Ofcom expects the BBC to take careful note of its errors in the handling of this case to ensure they do not recur. The BBC should consider how it identifies, prioritises and resolves complaints during election and referendum periods. In particular, it should consider how to identify sources of statements that are challenged by viewers and make any appropriate corrections as soon as possible when audiences have been materially misled – as in this case – before an election or referendum period ends.

https://www.ofcom.org.uk/__data/assets/pdf_file/0026/173735/second-bbc-annual-report.pdf

Published by johnrobertson834

Retired Professor of Media Politics Not-for-profit independent political analysis

2 thoughts on “How BBC’s Andrew Neil materially mislead the audience

  1. While Ofcom can publicise such findings and force the publication in the medium which made the error, does this deter the medium from repeating the misbehaviour? There is some truth in the old cliche about a lie being halfway round the world before the truth has got its shoes on.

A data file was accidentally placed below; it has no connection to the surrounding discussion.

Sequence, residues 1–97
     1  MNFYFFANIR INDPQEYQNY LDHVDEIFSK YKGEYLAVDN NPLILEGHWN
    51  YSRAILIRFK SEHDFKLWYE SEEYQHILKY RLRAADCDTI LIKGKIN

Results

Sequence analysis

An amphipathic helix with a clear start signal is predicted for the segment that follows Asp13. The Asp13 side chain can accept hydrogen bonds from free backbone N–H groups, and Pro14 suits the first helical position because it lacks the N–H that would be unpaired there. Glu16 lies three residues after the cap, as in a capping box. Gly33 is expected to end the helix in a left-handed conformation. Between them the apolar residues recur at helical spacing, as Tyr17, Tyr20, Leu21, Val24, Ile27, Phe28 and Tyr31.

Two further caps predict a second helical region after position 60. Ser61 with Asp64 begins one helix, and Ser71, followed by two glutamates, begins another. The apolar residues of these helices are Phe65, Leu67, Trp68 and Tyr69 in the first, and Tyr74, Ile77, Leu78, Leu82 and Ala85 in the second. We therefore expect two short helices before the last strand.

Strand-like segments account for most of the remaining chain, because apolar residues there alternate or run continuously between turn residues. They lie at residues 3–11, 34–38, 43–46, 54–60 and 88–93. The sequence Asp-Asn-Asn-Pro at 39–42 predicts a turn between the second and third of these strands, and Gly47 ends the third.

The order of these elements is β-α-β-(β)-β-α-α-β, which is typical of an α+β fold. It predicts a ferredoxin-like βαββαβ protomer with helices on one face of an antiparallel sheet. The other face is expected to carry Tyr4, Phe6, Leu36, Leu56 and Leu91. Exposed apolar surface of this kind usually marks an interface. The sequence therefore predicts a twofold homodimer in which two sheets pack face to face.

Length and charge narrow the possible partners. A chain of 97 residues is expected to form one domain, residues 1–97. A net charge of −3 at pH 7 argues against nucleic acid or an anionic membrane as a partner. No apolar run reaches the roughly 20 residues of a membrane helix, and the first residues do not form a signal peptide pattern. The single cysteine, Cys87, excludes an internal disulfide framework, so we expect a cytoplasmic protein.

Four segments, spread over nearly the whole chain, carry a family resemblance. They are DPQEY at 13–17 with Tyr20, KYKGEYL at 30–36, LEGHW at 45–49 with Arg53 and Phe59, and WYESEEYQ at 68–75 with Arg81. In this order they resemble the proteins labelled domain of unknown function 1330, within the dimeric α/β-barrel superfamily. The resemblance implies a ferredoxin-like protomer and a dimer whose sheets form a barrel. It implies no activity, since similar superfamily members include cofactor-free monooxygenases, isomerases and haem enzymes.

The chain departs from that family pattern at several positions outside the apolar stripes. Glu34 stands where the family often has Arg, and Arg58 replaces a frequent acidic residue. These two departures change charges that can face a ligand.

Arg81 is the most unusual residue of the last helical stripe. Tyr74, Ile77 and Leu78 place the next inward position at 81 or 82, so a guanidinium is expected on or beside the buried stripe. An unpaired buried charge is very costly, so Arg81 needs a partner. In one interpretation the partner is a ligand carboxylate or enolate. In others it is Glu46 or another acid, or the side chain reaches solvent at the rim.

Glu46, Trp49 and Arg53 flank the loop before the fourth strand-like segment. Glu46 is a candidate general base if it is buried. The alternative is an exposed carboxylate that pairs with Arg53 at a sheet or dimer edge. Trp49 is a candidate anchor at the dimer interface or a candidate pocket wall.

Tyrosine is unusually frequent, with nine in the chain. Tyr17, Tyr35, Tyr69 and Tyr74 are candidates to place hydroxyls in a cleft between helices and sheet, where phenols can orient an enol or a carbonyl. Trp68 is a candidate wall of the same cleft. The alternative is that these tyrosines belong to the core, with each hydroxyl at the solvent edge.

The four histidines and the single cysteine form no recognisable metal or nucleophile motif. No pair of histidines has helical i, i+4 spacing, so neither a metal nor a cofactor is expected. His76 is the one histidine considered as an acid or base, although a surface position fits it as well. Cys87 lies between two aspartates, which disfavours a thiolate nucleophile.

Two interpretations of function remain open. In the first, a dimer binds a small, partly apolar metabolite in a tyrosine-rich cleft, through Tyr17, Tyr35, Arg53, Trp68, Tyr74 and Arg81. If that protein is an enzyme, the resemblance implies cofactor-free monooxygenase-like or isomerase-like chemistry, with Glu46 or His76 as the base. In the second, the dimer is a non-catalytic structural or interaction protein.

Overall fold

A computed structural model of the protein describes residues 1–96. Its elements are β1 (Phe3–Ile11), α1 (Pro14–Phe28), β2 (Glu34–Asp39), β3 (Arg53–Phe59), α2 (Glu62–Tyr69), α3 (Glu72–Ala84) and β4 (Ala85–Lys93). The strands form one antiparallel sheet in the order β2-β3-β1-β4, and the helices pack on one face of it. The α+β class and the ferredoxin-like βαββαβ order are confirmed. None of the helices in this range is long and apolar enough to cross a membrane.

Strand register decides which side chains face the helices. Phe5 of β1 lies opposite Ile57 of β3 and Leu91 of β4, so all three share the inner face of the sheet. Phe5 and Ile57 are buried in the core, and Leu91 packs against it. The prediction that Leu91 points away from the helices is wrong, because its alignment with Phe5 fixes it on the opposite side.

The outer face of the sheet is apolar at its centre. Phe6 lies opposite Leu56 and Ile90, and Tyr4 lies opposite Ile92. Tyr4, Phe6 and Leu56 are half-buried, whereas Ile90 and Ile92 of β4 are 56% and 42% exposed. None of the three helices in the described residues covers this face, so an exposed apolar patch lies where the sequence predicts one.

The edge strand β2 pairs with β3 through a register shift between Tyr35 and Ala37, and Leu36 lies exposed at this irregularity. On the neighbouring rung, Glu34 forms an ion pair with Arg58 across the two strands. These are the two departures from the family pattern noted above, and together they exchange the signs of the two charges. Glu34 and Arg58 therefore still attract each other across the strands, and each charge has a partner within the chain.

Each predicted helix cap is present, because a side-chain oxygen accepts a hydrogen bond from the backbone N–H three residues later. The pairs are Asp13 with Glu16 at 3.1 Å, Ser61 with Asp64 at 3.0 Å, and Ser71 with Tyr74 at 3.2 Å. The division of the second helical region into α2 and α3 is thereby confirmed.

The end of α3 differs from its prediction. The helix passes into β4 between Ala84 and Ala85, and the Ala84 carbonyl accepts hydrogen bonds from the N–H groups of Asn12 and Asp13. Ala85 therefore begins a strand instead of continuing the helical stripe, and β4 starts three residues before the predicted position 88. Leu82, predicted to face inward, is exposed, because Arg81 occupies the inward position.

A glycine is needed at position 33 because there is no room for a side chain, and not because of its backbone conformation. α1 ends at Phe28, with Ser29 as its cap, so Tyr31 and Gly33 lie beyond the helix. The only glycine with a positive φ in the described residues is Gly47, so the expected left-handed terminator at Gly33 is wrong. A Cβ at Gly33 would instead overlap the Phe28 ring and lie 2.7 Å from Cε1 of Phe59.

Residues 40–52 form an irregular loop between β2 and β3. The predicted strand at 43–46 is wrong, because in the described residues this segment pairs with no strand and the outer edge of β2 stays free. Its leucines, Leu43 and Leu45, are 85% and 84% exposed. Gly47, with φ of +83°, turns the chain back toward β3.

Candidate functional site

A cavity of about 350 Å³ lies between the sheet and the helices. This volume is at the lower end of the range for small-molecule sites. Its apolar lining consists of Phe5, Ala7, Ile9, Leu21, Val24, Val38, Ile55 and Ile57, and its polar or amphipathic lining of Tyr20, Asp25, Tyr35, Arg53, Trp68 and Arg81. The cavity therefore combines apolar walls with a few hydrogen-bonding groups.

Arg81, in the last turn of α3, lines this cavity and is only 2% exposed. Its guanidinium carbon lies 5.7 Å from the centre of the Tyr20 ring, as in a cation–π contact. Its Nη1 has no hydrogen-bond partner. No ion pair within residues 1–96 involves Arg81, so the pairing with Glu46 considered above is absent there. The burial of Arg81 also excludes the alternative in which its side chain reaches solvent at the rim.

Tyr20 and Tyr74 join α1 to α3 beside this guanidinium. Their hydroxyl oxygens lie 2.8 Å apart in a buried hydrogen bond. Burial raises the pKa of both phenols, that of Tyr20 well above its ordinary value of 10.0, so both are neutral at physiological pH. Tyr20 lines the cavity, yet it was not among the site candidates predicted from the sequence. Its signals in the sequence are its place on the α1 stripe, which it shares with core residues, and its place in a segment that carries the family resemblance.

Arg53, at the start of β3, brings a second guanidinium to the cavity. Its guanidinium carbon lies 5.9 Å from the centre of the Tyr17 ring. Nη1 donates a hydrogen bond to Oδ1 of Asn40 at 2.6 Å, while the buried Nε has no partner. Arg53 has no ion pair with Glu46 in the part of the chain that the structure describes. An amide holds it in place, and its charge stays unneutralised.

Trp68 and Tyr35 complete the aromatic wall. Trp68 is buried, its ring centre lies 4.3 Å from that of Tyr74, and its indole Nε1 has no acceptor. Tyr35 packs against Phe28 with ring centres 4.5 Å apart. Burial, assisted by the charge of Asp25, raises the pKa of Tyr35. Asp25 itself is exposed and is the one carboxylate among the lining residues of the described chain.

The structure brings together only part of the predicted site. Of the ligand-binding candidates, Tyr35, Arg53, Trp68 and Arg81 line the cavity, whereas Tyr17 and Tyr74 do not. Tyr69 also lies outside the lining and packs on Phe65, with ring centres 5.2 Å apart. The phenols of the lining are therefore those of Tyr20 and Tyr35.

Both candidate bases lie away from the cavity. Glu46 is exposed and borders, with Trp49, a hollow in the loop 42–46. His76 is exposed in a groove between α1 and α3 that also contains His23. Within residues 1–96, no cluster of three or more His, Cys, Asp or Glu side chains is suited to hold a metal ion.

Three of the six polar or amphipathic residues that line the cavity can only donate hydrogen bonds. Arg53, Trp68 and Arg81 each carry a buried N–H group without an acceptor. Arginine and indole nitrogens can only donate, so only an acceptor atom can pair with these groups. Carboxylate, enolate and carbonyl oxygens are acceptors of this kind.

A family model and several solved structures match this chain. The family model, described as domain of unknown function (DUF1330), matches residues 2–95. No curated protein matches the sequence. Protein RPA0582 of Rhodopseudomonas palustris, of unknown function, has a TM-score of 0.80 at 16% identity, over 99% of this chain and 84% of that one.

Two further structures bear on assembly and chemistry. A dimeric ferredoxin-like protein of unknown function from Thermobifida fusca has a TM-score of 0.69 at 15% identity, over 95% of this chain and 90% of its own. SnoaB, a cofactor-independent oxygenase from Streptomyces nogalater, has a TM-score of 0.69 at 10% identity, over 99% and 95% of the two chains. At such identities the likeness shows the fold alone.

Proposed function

When Gillian Marles phrases a question as “He’s (BorisJohnson) right, isn’t he when he says …?” rather than, ‘What do you say to Boris Johnson’s statement that …?” she is implying approval of the statement, but, were a complaint to be made, it would be defended.

    Liked by 1 person

  2. Apols – slightly off-topic but not entirely. The SNP amendment to Boris’ Queen’s Speech, although it fell, received 64 votes (+ 2 tellers = 66). So I was puzzled as SNP amendments would, typically, only pick up support from PC (5) and Caroline Lucas (1): 35 + 5 = 40. I couldn’t immediately fathom where the ‘extra’ 26 Westminster votes came from.

    It appears that the Lib. Dems in total and the Scotland ‘branch office’ Labour MPs actively backed the amendment. Is the Willie Bain convention breaking down? (shorthand version = anything proposed by SNP must be opposed or ignored by London parties – but never – under any circs – supported. The amendment is complicated but essentially pushes on the point that Scottish Parlt and Wales’ Senedd must give legislative consent to any Withdrawal Bill.